Biopesticides are the Next Generation of Pest Control Products

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Biopesticides are the Next Generation of Pest Control Products

  Plant Health Progress, Biological Control of Plant Pathogens: Research, Commercialization, and Application in the USA, Gardener, Fravel.

The answer to growing food sustainably to feed a world population of 9 billion by 2050 may be biopesticides. Demand for these safer, alternative pesticides has been on the rise in the last 5 years, even through the economic crises, and is projected to significantly increase in the coming years. Growth in biopesticide sales, which currently accounts for just 11% of the total pesticide market, increased by 13% in 2010 compared to a 2% increase in synthetic pesticides. The biopesticide market is expected to reach $3 billion by 2015.

Biopesticides include natural enemies, antagonistic microorganisms, and materials derived from living organisms or from natural products. Bt (Bacillus thuringiensis) and its subspecies is one of the most well-known products, but other examples include tea tree oil, corn earworm virus, and kaolin clay. Also called biorationals and biologicals, these products are not just for organic use. In conventional agriculture, research is focused on developing integrated plans, combining biopesticides with reduced risk products, ultimately leading to reduced pesticide use.

The factors driving biopesticide demand range from political to environmental to the hidden costs of human health. Federal regulations have cancelled the use of many traditional products like azinphosmethyl, methyl bromide, and endosulfan. Municipalities are taking it a step further and creating a select list of allowable products in public spaces. These factors, along with others such as pest resistance, increased demand from organic farmers for more options, worker safety, and water quality, lead to the need for alternative, safe products that are effective and inexpensive.

Pesticide residue laws are also driving demand, and large food chains in the European Union are setting the trend in this regard. Some stores have implemented their own maximum residue levels (MRL) and food safety standards programs with names like “Nature’s Choice,” “Field to Fork” and “No Residue.” One food store program will only accept products that have 70% or less of the legal maximum residue limit while other stores are banning certain legal pesticide products on their produce. U.S. retailers such as Walmart are beginning to have an impact in this area, and it will only increase into the future.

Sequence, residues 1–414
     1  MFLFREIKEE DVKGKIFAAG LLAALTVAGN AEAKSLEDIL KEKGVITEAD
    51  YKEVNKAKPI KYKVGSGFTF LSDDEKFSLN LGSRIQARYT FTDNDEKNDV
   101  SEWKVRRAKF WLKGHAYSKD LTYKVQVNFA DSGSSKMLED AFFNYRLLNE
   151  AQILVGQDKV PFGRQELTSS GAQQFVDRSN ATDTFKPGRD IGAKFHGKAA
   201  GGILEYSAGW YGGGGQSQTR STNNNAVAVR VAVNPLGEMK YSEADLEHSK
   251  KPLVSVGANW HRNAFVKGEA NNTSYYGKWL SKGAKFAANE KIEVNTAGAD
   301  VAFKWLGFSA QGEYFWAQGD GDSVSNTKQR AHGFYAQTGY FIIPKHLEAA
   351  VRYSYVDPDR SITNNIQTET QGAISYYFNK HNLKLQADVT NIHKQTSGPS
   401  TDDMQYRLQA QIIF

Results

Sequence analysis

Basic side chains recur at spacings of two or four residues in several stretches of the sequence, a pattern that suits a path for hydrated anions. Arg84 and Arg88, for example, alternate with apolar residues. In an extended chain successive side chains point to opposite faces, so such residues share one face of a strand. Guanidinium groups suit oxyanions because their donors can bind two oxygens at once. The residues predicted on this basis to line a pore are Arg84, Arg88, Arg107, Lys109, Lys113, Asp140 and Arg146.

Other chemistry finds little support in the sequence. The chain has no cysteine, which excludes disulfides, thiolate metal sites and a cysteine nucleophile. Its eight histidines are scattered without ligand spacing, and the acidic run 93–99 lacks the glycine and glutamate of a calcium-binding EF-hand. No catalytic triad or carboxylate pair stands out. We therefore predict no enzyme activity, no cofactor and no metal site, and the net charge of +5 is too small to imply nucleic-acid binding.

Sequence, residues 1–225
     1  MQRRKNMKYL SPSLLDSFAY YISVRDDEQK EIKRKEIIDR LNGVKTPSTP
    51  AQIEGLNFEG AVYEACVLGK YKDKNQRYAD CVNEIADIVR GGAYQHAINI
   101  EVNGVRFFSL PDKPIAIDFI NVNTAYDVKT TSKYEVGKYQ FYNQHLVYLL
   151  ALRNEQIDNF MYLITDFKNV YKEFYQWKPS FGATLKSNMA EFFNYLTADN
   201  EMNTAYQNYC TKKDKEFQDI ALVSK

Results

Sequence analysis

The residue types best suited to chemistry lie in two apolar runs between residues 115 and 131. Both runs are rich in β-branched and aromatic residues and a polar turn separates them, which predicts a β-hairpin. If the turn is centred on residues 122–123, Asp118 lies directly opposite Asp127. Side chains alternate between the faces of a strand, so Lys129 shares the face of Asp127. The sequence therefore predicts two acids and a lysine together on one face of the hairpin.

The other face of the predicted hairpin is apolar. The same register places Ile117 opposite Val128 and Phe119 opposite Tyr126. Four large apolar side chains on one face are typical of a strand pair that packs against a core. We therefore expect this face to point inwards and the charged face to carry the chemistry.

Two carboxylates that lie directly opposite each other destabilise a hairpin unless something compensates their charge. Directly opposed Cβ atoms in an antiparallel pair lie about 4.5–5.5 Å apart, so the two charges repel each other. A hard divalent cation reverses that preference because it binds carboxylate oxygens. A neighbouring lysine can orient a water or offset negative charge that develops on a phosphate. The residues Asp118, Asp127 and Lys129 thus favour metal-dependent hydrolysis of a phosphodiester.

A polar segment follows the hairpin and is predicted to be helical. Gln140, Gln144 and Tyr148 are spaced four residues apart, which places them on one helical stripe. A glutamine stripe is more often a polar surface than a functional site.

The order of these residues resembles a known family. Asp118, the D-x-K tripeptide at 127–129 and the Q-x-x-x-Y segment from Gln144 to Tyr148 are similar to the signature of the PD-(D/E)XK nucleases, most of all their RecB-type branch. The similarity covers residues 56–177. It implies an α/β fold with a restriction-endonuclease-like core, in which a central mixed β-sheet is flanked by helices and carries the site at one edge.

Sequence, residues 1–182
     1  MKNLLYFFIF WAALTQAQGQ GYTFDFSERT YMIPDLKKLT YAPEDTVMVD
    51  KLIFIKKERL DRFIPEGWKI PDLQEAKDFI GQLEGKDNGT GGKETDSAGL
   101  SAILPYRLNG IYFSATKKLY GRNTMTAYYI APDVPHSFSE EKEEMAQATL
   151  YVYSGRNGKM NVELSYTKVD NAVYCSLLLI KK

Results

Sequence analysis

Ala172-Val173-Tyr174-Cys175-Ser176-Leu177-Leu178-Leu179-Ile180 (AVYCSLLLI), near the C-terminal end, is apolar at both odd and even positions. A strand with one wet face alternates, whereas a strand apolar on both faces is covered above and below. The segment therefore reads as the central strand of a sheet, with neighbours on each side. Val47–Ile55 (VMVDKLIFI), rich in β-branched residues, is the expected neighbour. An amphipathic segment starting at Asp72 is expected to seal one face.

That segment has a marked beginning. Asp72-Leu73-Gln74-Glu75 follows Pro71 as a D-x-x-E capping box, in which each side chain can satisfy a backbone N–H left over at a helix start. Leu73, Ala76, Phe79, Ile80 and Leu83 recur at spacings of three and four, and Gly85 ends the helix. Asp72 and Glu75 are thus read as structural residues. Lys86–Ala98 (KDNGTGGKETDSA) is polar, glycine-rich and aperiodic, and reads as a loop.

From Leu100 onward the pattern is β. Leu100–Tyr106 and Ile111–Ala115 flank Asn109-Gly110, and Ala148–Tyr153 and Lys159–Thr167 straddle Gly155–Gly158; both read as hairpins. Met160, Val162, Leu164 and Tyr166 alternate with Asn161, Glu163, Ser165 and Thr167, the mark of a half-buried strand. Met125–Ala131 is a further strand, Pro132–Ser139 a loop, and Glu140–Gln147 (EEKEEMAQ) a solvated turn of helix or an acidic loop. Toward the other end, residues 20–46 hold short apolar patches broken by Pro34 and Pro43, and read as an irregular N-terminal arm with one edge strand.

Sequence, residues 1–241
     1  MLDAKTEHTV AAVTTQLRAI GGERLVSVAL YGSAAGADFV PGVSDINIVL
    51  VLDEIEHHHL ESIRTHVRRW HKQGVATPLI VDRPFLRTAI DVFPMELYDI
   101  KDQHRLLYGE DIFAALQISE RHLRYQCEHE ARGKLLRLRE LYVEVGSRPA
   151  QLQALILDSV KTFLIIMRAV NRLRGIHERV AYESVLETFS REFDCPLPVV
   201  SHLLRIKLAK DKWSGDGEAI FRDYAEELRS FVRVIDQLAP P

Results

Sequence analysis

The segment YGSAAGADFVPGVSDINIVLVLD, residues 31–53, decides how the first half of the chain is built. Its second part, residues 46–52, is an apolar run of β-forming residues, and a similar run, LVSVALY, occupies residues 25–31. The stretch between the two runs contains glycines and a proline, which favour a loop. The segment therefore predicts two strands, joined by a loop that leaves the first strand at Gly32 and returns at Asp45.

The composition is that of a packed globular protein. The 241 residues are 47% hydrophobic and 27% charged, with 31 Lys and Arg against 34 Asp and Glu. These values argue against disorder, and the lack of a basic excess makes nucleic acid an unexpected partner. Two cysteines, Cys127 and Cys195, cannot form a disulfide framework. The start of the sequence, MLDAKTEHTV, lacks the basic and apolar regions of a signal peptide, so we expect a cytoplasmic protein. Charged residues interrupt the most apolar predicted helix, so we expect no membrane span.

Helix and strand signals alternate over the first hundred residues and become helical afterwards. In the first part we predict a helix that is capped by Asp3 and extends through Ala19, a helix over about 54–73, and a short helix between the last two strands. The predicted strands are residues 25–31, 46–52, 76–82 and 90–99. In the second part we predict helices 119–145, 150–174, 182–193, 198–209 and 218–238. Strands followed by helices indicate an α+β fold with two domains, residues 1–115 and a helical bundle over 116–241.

Because of these and other national programs, Europe has become the largest user of biopesticides. France, for example, has launched “Ecophyto 2018,” where they hope to have a 50% reduction in pesticide use by 2018. The program will encourage growers to use biocontrol practices, promote innovation for safe and effective growing techniques, support marketing biopesticides, and educational outreach. Denmark has initiated “Green Growth” that provides financial support to developers of alternative plant protection products.

One of the factors that limits biopesticide production is that many companies that are producing biopesticides are smaller, and a large investment is required not only in registration but in demonstrating a new product to growers. To help with this, the IR-4 program in the U.S. has been instrumental in facilitating registration of sustainable pest management products for minor crops. Because of this program, the EPA approved more biopesticides than conventional products in 2010. In addition, larger companies such as Monsanto are now seeing the profits in biopesticides and investing in smaller companies to evaluate new products.

Lately, there has been plenty of research to back up efficacy claims that couldn’t be said 5 years ago. Successful products now have increased shelf life, increased residual activity, and treat a wider range of crops and pests. As a result, sales have tripled to quadrupled in the last decade. Growers, advisors, dealers, and buyers must be prepared to adjust to the changes coming down the pike, driven by world demand for larger quantities of safe, quality, residue-free food.


-Marion Murray, IPM Project Leader